*This is the second part of a multi-part series demystifying the recent developments and trends in the banking and financial services sector. Read the first part here.*
The main functions of a bank are aggregating deposits and issuing loans. With recent developments in FinTech, these activities are slowly being taken over by consumers. Developments such as P2P lending enable people with surplus capital to directly lend to the end borrower at a significantly higher return as compared to that of banks. Similar is the case with Crowdfunding. In this section, we explore the evolution of these products in the financial landscape, which is disintermediating the landscape and commoditizing some of the traditional models.
Peer-to-peer (P2P) lending is a method of borrowing and lending that takes place at an individual (peer) level without an intermediary or an aggregator of sorts. Peer-to-peer is able to reduce transaction costs as it removes middlemen/intermediaries (traditionally played by the bank or broker) from the process, while reducing transaction time given its digital nature. A person sitting in one part of the world, can lend to anyone through these platforms.
P2P platforms, like their brick and mortar counterparts, have their own methods of calculating risk and assessing creditworthiness. This enables the lender to make informed decisions about the loans. Lenders have a good estimate of what the risk involved is, their exposure in the entire loan, the interest rate on loans, and repayment schedule. This business model is largely fee-based. The platform takes fees during registration as well as per transaction.
In September 2017, the RBI issued a notification that all P2P lending sites are to be treated as NBFCs, bringing them under the RBI’s purview. The biggest benefit of such an arrangement is the quick access to loans at relatively short notice with limited transaction cost and procedures. The risk of default still exists, but that is the case with all loans. However, what makes this arrangement lucrative is its investor protection options wherein upto 100% of the principle amount is secured. The lender is able to get better returns as compared to traditional avenues because the intermediary doesn’t take a cut or load its margin onto the interest rate. As a result, this business model has caught on in India, with over a dozen sites coming up in the past few years– i2ifunding, Faircent, Lendbox, i-lend, LenDenClub, to name a few.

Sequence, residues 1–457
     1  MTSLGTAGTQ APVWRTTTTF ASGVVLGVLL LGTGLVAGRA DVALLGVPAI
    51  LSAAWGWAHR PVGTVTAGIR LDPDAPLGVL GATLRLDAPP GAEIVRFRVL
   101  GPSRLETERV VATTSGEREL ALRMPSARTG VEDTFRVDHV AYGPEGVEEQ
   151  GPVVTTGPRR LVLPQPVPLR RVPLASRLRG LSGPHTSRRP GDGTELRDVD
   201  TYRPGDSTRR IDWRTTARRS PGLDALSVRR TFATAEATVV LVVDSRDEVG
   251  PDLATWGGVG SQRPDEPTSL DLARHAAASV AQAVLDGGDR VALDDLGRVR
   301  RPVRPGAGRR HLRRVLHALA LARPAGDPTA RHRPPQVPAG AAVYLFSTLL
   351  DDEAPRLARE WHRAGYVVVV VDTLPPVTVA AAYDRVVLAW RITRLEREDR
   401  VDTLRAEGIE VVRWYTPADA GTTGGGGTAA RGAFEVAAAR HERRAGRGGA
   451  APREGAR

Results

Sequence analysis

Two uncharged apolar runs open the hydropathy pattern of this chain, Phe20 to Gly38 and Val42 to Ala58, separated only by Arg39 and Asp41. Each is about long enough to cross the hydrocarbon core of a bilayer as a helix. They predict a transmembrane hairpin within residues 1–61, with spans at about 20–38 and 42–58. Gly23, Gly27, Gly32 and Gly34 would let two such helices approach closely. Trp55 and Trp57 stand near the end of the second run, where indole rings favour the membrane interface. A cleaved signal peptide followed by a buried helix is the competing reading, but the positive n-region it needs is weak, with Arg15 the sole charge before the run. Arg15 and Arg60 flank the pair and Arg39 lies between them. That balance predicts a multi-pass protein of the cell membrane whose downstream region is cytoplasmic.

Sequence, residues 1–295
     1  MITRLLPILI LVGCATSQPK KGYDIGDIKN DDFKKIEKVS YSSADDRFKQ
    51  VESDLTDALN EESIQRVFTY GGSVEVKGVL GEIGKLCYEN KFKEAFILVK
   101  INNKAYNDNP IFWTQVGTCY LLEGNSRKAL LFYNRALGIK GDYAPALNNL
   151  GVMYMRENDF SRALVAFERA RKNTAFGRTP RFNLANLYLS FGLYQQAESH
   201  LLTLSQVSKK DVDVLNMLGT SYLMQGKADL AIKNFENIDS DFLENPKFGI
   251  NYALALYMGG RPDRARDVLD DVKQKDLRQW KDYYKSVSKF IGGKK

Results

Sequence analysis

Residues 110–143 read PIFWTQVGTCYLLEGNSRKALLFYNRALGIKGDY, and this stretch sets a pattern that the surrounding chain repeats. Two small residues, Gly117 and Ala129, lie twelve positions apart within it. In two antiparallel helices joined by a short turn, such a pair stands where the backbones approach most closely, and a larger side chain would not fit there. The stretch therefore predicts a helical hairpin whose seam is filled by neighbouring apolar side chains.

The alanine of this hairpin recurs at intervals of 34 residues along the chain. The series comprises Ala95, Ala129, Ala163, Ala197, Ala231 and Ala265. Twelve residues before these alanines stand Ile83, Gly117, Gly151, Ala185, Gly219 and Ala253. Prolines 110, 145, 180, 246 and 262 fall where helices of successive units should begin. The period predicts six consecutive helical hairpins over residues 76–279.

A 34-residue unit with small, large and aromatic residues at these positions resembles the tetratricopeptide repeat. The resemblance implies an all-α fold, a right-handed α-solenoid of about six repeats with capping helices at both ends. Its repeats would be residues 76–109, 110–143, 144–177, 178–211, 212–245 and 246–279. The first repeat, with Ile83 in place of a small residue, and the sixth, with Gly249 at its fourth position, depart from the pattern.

Crowdfunding as a means of raising money has grown in popularity in recent times. Regulators have been watching this sphere closely, with many recognizing its potential. SEBI released a consultation paper in 2014 where it defined crowdfunding as “solicitation of funds (small amount) from multiple investors through a web-based platform or social networking site for a specific project, business venture or social cause”.
In simpler terms, crowdfunding combines the concept of P-2-P lending (and transacting) and crowdsourcing to bring together individuals from across the world as investors, as a way of raising money for ventures. People are able to pitch their ideas directly to investors and donors, thereby connecting with them directly. People who are interested in the venture or the project can use this as a medium to directly be a part of the cause.
Crowdfunding may be used to raise money for a wide variety of causes, ranging from finance for a company to raising money for upgrading infrastructure in schools. Many Indian companies have used this method to raise money– Aisle, Printajoy, and Spin Academy, to name a few.
There are three types of ‘crowdfunding’: Donation, reward, and equity.
Donation crowdfunding is the raising of money with no return being provided. This is very common and widely used. This is used in cases such as raising money for education, healthcare, etc. Reward crowdfunding is where there is a promise of reward. These could be loans being given with interest being paid at the end and such. Equity crowdfunding is where equity is issued for the money being invested. letsventure, grex, ketto are some of the most popular sites in this sphere.
In India, strictly speaking, equity crowd funding is not allowed due to provisions in the companies act, SEBI act, and securities contract act. Currently, SEBI is working with the corporate affairs ministry towards finalizing the regulatory framework for crowd-funding in India. It floated an idea to categorize crowdfunding platforms as venture capital funds. However, this move faced a lot of opposition. Thus, equity crowd funding remains a tricky subject in India.
– Contributed by Bhargav
Picture Credits: eletsonline.com